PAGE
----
Gamze Bulut
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More Olympic distance-running medalists banned for doping

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MONACO (AP) — Turkish runners Elvan Abeylegesse and Gamze Bulut were banned for doping Wednesday and stand to lose their Olympic silver medals.

Abeylegesse tested positive for the banned steroid stanozolol in a retest of a sample she gave at the 2007 World Championships. She was banned for two years by the IAAF and had her results wiped out from 2007-09.

Abeylegesse won Olympic silver medals in the 5000m and 10,000m at the 2008 Beijing Games and silver in the 10,000m at the 2007 World Championships.

American Shalane Flanagan stands to get the silver medal in the 10,000m, with third for Linet Chepkwemoi Masai of Kenya. In the 5000m, Meseret Defar of Ethiopia would get silver and Sylvia Kibet of Kenya would get bronze.

American Kara Goucher stands to upgrade from bronze to silver in the 2007 Worlds 10,000m.

The IAAF also said it had imposed a four-year ban on Bulut for a violation of its biological passport program.

Bulut’s results from July 2011 have been wiped out, which will cost her the silver medal in the 1500m at the 2012 London Olympics. In that race, Bulut finished behind Turkish runner Asli Cakir Alptekin, who has also since been banned.

Maryam Yusuf Jamal of Bahrain stands to inherit gold, with silver for Tatyana Tomashova of Russia, who has previously served a ban for giving someone else’s urine in a doping test. Bronze would go to Abeba Aregawi, who represented Ethiopia in 2012 but now races for Sweden.

Bulut has also been disqualified from the 2012 European Championships, when she originally finished second behind Alptekin in the 1500m. Spanish runner Nuria Fernandez, originally fifth, is now the highest-placed athlete who has not been disqualified from that race for doping violations.

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Asbel Kiprop, Olympic 1500m champ, banned four years

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Kenyan Asbel Kiprop, the 2008 Olympic 1500m champion and a three-time world champ, was banned four years after testing positive for EPO in November 2017, according to track and field’s doping watchdog organization.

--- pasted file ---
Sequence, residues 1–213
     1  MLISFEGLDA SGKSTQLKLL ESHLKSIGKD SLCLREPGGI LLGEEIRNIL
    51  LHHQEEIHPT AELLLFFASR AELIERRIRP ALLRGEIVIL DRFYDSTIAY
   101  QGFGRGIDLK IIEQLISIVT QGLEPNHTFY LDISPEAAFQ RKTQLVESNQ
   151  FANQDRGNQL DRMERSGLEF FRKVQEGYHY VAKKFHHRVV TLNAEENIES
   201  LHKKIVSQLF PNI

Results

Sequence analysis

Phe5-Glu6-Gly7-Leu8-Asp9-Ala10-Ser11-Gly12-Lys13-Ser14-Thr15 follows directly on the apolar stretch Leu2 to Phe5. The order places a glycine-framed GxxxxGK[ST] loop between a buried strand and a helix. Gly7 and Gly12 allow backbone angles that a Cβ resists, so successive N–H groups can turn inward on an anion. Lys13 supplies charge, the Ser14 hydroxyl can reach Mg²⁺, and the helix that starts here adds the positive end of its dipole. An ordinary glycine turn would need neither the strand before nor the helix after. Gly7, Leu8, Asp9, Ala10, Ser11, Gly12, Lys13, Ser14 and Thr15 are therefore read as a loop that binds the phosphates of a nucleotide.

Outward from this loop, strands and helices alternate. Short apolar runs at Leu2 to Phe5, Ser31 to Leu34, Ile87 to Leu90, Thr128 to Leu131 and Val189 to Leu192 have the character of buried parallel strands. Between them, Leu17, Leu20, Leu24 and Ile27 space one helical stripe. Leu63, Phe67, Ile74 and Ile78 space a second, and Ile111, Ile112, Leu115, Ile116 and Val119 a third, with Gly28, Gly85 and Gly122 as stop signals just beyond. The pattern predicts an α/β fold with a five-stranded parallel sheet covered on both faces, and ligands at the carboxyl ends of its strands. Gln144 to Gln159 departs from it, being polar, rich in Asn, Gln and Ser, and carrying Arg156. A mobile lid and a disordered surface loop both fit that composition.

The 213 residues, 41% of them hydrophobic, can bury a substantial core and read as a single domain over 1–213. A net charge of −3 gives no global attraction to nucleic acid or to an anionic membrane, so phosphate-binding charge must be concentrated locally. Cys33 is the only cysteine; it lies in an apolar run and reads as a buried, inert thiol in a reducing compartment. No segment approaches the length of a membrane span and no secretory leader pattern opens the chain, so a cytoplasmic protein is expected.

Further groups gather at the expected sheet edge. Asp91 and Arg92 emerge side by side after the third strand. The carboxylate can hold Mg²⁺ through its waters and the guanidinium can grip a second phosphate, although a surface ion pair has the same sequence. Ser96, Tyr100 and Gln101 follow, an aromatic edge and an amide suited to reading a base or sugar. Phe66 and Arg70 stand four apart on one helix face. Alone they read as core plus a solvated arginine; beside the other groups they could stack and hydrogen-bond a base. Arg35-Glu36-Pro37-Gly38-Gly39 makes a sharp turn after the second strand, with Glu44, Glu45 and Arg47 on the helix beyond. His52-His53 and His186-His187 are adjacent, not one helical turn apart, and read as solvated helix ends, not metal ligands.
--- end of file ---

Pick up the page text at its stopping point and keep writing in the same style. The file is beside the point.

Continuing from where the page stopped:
The ban is backdated to Feb. 3, 2018, when the 29-year-old was provisionally suspended after the failed test.

Kiprop repeatedly denied doping since last May, when he first acknowledged the positive test. Most recently, a 3,000-word defense from his lawyer was posted on Kiprop’s Facebook page.

Kiprop’s defenses included saying he was a victim of extortion and that he was offered “a reward” of becoming an anti-doping ambassador if he admitted guilt. The Athletics Integrity Unit (AIU), the IAAF’s independent organization to monitor doping and corruption, denied the latter last May.

A disciplinary panel dismissed six defenses from exonerating him, including the possibility his sample was spiked, in handing out the four-year ban.

Kiprop, the pre-eminent 1500m runner of the last decade, can appeal the ban.

At 19, he finished second in the Beijing Olympic 1500m but was upgraded to gold a year later after Bahrain’s Rashid Ramzi failed a drug test. He is the youngest Olympic 1500m medalist of all time, according to the OlyMADMen.

Kiprop went on to earn three straight world titles in the 1500m in 2011, 2013 and 2015, matching the feats of retired legends Noureddine Morceli and Hicham El Guerrouj.

He struggled in the 2012 and 2016 Olympics, finishing last in the London final with a hamstring injury and sixth in the Rio final won by American rival Matthew Centrowitz.

Kiprop has targeted El Guerrouj’s world record of 3:26:00, missing the mark by .69 of a second in 2015.

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Maggie Nichols is second woman in 20 years to repeat as NCAA all-around champ

Maggie Nichols
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Oklahoma junior and world champion gymnast Maggie Nichols became the first woman to repeat as NCAA all-around champion in 12 years, returning from a heel injury to compete on all four events for the first time since January on Friday.

Nichols, a Rio Olympic hopeful before being beset by a torn meniscus in 2016, joined 2004 Olympic silver medalist Courtney Kupets as the only women to win back-to-back NCAA all-arounds in the 2000s.

A junior, Nichols can next year join Jenny Hansen as the only women to three-peat in NCAA history.

Oklahoma goes for a third team title in four years on Saturday night against UCLA (featuring Olympic champions Madison Kocian and Kyla Ross), LSU and Denver.

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NCAA Women’s Gymnastics Championships Individual Results
All-Around
1. Maggie Nichols (Oklahoma) — 39.7125
2. Lexy Ramler (Minnesota) — 39.6625
2. Kyla Ross (UCLA) — 39.6625
4. Sarah Finnegan (LSU) — 39.65
5. Kennedi Edney (LSU) — 39.6

Vault
1. Kennedi Edney (LSU) — 9.95
1. Derrian Gobourne (Auburn)
1. Maggie Nichols (Oklahoma)
1. Kyla Ross (UCLA)

Uneven Bars
1. Sarah Finnegan (LSU) — 9.95

Balance Beam
1. Natalie Wojcik (Michigan) — 9.95

Floor Exercise
1. Alicia Boren (Florida) — 9.95
1. Lynnzee Brown (Denver)
1. Brenna Dowell (Oklahoma)
1. Kyla Ross (UCLA)